New Arizona laws are now in effect: Here are some of the most controversial
On Saturday, nearly all of the bills signed into law by Gov. Doug Ducey earlier this year went into effect. Some of them impact Arizonans in their daily lives, classrooms and voting booths.
Taking aim at COVID-19 prevention
GOP legislators waved through a number of laws targeting pandemic safety measures that many found stifling. Some of them might handicap the ability of schools to mitigate future outbreaks, critics say. One new law prohibits the enforcement of mask use in classrooms without first securing parental consent, and another removes COVID-19 vaccinations from the list of possible immunizations the Department of Health Services can choose to require for students to attend public school. Requiring a minor to get a COVID-19 vaccination without parental consent, in fact, will be punishable with a class 1 misdemeanor.
Laws to bar mask and vaccine enforcement for some adults were also approved. House Bill 2453 blocks the state and any organizations that receive state taxes from enacting mask mandates on their premises, unless they’re required for reasons other than protection against COVID-19 transmission. Anyone employed by the state or an organization that receives state taxes is exempt from being vaccinated as a condition of employment, unless that employer is a health care provider.
The power of government officials to take steps to lessen the impact of public health emergencies are set to be curtailed. Mayors will no longer be able to close down businesses during a declared state of emergency, as was the norm in the early days of the COVID-19 pandemic to reduce infection rates. At the statewide level, future governors will face a 120-day deadline, in 30-day increments, for state of emergency declarations. Extensions past that time are subject to legislative approval. Arizona was in a state of emergency from March 2020 through March of this year, and with the declaration came nearly $2 trillion in federal funding.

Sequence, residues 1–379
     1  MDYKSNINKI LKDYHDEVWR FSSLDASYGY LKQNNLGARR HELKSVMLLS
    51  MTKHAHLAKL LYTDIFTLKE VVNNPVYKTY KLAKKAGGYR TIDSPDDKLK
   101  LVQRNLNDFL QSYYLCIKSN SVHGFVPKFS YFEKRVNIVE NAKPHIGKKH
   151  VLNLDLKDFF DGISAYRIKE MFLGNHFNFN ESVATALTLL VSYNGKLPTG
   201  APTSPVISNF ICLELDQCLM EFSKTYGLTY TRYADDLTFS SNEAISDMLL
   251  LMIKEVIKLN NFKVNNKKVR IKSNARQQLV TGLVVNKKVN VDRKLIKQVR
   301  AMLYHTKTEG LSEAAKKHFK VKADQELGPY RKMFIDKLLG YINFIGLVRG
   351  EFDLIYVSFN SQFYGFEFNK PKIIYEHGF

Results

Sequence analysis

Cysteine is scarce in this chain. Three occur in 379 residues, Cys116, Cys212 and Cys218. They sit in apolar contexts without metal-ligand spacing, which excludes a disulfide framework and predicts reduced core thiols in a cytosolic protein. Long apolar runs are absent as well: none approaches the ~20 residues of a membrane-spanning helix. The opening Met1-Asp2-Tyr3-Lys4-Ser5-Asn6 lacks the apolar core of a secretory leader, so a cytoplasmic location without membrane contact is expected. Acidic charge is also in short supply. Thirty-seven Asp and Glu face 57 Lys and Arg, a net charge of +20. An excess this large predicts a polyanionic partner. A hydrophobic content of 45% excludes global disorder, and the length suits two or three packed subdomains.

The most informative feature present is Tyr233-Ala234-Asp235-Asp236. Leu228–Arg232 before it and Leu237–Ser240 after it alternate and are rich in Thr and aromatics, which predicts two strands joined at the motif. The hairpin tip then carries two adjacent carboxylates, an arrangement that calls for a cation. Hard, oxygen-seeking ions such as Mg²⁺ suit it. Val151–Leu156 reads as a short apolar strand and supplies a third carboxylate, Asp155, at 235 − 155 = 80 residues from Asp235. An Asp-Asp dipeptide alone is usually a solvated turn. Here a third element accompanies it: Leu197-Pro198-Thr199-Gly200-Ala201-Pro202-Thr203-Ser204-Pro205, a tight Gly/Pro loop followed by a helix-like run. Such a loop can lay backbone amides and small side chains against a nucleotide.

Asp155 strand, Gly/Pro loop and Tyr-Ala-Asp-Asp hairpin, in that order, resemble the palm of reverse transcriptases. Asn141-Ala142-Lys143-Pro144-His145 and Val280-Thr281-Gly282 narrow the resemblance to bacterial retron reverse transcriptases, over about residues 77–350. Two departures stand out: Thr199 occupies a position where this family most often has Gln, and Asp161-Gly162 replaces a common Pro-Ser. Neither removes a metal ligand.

The classroom culture wars
The GOP-led war against critical race theory and gender studies resulted in laws purporting to keep parents informed.Teachers and school advocates, however, warn that over legislating and over scrutinizing schools only results in a blow to education quality.
A new law directs school libraries to provide parents with a list of books their children have checked out upon request, and upload a list of books purchased after January 2023 on the school district’s website for at least 60 days for public inspection. Another bans any school materials that include descriptions of sex or sexuality, and may result in taking books like “The Color Purple” or “Atlas Shrugged” out of classroom curriculums.
Parents will be allowed to visit any public school classroom of their choice, whether or not their children attend that school, as long as they are considering enrollment and a visit doesn’t endanger current students. Parents have also been empowered to bring civil lawsuits against officials and schools found to be violating fundamental parental rights to raise their children, though it’s unclear what exactly that entails and advocates warn it may end up in countless baseless claims.